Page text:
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US Air Force Trials Satellite Launch and Recovery Solution With Reaper Drone in Poland

The US Air Forces in Europe and Air Forces Africa (USAFE-AFAFRICA) have demonstrated the Satellite Launch and Recovery Package or SLR-P with an MQ-9A Reaper in Poland.

The SLR-P is a compact solution incorporating launch and recovery support capabilities for drones deployed in remote and rugged environments.

Using the package eliminates traditional approaches of returning a system to its home station for maintenance.

In addition, the SLR-P’s integrated satellite technology enables seamless connection to minimize pre-mission preparations, reduce downtime, and enhance mission readiness.

Supporting Agile Combat Employment

The SLR-P tested in Poland was developed specifically for the European and African theaters.

It includes a small mobile container and inventory list to specify unique requirements and environmental differences of each region the service covers.

The container is configurable with attachable wheels and can be towed or carried by many means of transportation, depending on the mission.

A mobile container from U.S. Air Forces in Europe and Air Forces Africa’s 435th Contingency Response sits ready as a part of the Satellite Launch and Recover Package for a proof of concept on the MQ-9A Reaper in Mirosławiec, Poland, Aug. 30, 2023. Tailored specifically for the European and African theaters, the SLR-P consists of a small container that can be retrofitted with its own wheels to be towed or be carried by any means of available transportation. (U.S. Air Force photo by 2nd Lt Gabriele Gocso)
A mobile container sits ready as a part of the Satellite Launch and Recover Package for a proof of concept on the MQ-9A Reaper in Mirosławiec. Photo: 2nd Lt Gabriele Gocso/US Air Force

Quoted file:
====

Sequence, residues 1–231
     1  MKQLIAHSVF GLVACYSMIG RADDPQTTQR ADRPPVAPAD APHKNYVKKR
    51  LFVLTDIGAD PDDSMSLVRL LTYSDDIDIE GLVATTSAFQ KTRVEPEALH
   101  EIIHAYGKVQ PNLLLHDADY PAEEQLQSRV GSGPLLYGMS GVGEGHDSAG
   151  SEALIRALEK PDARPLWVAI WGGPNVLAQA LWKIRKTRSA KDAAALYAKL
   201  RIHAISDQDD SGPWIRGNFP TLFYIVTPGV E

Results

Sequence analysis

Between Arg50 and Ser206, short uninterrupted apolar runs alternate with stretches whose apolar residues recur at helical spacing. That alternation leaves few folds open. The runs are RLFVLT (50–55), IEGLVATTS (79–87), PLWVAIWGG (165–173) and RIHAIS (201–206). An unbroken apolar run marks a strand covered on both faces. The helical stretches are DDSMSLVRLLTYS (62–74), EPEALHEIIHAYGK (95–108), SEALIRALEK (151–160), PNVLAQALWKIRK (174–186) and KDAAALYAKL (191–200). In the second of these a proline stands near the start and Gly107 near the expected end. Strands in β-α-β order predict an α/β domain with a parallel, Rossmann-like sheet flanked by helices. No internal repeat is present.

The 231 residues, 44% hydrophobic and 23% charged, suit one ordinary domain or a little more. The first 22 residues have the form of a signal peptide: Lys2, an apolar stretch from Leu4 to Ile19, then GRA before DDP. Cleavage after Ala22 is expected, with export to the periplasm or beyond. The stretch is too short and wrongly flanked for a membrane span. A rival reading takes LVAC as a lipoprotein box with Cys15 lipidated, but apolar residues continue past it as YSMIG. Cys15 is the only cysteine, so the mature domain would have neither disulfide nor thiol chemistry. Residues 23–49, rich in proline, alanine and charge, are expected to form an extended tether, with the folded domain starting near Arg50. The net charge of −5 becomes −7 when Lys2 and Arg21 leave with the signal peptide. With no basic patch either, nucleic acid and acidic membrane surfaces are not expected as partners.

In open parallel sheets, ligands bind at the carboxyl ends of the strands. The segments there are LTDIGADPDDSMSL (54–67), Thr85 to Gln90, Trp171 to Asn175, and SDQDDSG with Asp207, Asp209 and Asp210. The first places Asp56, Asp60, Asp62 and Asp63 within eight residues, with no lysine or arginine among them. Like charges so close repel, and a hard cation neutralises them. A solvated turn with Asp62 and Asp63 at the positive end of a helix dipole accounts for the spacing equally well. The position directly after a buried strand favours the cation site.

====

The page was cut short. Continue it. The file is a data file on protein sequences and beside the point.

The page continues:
“We live in a volatile, uncertain, complex and ambiguous world, which means it takes an innovative and motivated group of people – like what you see here – to influence change and propel us into the future,” USAFE-AFAFRICA Project Lead Maj. Philip West said.

“With this technology, we’re putting the ‘A’ in ‘ACE’ (Agile Combat Employment) for the MQ-9A.”

Fewer Boots on the Ground

According to the US Air Force, the SLR-P can reduce the “boots on the ground” required to sustain and operate precision systems such as the MQ-9A.

Around 30 to 150 personnel are needed to facilitate remotely piloted tasks. Compared to this traditional setup, the SLR-P only requires an aircrew of eight operators.

Airmen from USAFE-AFAFRICA’s 435th Contingency Response Group (CRG) participated in the recent activity and acted as the MQ-9A’s crew.

MQ-9A Predator Drone
MQ-9A Predator Drone. photo: General Atomics

“The creation of the CRG 25 years ago aimed to extend airpower beyond our main bases,” 435th CRG Commander Col. Robert Rayner said.

“While our primary mission is supporting mobility operations, we’ve adapted our capabilities to respond to what the Air Force, and specifically what USAFE, needs.”

“Today, we’re launching and recovering MQ-9As, but tomorrow it could be F-16s, and the next day, C-17s. Whatever the requirement, the 435th CRG remains light, lean and lethal to support.”

Bolstering Polish, NATO Ties

Alongside remotely piloted operations, the demonstration highlighted the efforts of the US and Polish military to share security goals and technological progress, the Air Force wrote.

“Hosting this first-ever proof of concept underscores Poland’s commitment to protecting not only Polish sovereignty but also fulfilling its obligation as a pivotal member of the NATO alliance,” Polish Air Force 12th UAV Air Base Commander Col. Marcin Szubiński stated.

“We are proud to contribute to testing this capability, building on our five-year history of implementing cutting-edge ISR (intelligence, surveillance, and reconnaissance) technologies within EU airspace by prioritizing interoperability with our NATO allies while refining procedures and capabilities as needed.”

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